Stacy Kidd

with whatever rock
I remember from Subiaco–

the monks who taught
through high winds

at Easter, the box
trees or dahlias in bloom

before the last frost.
Do not say Josephine,

French empress,
only favored the flowers

when they were hers
alone to give– or hear her

ministers tell the Polish prince
to steal a hundred

seeds– or answer with
your own loose stone

from the monastery’s grave,
but unsing: clover

on Maple Street. Say nothing.

Black-Eyed Dog

The mongrel dog can’t recall the road
to the farmhouse. A bale of hay
or tally of bees under the maple–  each an oval.
Each night, another Shoeless Joe
mutters a curse & the ground 
grows over with nettles. Second sight is
a grass-blade under the tongue. Love,
how to prove the flowers don’t belong here.

& little towns grow like this–

a gravel road curves into rocks where we wanted
to live & could not

or we would have lit
right up, the backroad

as long as our legs
could carry us                 


                  & enough
to see the night                    




blaze & ball
change into everything         is whittled

that eats what takes


                  wood & no good
root around

us                             &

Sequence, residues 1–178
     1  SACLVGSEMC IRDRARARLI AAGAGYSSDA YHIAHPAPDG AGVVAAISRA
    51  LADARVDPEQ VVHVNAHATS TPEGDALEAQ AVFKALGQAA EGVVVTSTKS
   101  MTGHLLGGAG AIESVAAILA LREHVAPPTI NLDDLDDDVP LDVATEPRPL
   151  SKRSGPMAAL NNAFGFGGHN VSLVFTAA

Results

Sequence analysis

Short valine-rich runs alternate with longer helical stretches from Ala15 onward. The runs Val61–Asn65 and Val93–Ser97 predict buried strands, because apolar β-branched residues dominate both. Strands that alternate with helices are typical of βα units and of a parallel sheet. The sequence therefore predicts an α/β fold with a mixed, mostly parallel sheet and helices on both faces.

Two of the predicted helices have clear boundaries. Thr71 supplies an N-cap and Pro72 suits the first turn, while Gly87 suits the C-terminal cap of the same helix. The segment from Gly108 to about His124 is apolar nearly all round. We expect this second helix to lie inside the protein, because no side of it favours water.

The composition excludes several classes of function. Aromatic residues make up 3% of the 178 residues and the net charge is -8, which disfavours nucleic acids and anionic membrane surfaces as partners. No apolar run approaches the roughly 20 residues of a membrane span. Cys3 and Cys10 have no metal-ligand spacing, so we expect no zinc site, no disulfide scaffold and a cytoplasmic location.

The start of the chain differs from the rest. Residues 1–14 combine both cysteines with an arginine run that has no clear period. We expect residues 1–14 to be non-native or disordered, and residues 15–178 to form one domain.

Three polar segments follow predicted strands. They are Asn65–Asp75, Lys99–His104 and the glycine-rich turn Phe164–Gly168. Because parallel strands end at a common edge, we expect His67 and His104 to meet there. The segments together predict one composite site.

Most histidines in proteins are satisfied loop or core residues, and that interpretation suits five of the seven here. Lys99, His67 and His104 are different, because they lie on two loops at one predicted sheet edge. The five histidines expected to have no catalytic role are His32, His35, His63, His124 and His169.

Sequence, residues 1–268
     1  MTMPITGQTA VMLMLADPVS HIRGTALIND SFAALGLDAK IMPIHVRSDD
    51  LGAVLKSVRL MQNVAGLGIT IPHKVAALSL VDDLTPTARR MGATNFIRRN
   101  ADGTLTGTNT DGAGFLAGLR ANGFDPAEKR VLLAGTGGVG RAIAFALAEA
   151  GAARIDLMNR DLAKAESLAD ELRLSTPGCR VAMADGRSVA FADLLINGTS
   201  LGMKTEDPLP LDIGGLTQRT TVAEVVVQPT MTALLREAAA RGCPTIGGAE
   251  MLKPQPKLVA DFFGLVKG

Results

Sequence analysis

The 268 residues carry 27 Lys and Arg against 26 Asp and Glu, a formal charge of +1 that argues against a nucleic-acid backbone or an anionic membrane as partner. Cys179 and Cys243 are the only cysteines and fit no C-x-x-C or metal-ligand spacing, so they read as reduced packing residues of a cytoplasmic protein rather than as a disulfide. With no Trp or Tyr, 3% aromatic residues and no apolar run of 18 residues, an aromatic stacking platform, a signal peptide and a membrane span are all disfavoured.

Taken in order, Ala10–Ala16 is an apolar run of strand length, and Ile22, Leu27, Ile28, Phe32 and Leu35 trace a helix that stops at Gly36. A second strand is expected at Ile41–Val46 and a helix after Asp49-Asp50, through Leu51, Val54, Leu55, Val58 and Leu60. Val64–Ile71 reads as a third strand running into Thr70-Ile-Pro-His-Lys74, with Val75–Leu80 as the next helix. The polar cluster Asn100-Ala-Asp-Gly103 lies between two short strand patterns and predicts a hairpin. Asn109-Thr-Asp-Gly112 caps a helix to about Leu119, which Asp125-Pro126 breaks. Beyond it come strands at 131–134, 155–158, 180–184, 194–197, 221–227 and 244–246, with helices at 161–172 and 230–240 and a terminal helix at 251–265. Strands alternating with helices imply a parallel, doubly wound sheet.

nbsp;          I keep you to fall





                       right into place



               grouped in gray

and black                 




of blue both


   and red–
the Cimarron’s water.



                  I want


to see things


as they are

                now: a house    filled


with books,


  a room with books,                 

                 a room–


walls, crevice.

Stacy Kidd is poetry editor for Quarterly West and a PhD student in Literature and Creative Writing at the University of Utah. Her poems have appeared

recently in The Journal, No Tell Motel, Washington Square, and WITNESS, and are forthcoming in reviews Colorado and Iowa.

“I grew up with a front stoop on Jefferson Street. The neighbors would pull out lawn chairs and sit down for a long time in the driveway across from my house and drink

beer and smoke cigarettes anytime the tornado sirens sounded. When there was a tornado, my parents would stash me in the crawl space underneath my bedroom. They came, too, with

a radio and a blanket, and I could see the neighbors’ feet through a vent in the foundation.

This was Stillwater, and there was a back stoop and a bird dog named Buck after Buck Rogers and maybe Buck Owens. The back stoop was also a good stoop. If you stood on

it long enough and twisted your head the right way, you could sort of see Boomer Lake.

My grandfather’s stoop was covered and looked over his farm which was basically a barn and an old outhouse and some cotton crops and pasture. There was a great little

cellar next to it with jars of pickles and chow chow, which I never learned to like. The cellar had a dirt floor and a table my grandfather dragged down there so I could play

with dolls and teapots and the toy rifle my cousin passed on to me, etc.

Grandfather #2 had a house outside Altus with a front porch and a lot of trees, but I don’t really remember it. He moved into an apartment by the Air Force Base when I

was still small and ran a domino hall with other old farmers. They bet with matchsticks.”